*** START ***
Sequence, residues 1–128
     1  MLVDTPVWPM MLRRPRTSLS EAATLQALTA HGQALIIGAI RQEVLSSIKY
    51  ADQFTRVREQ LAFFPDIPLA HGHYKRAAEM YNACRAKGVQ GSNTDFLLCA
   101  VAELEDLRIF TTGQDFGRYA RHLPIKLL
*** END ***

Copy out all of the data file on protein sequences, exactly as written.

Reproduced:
Sequence, residues 1–128
     1  MLVDTPVWPM MLRRPRTSLS EAATLQALTA HGQALIIGAI RQEVLSSIKY
    51  ADQFTRVREQ LAFFPDIPLA HGHYKRAAEM YNACRAKGVQ GSNTDFLLCA
   101  VAELEDLRIF TTGQDFGRYA RHLPIKLL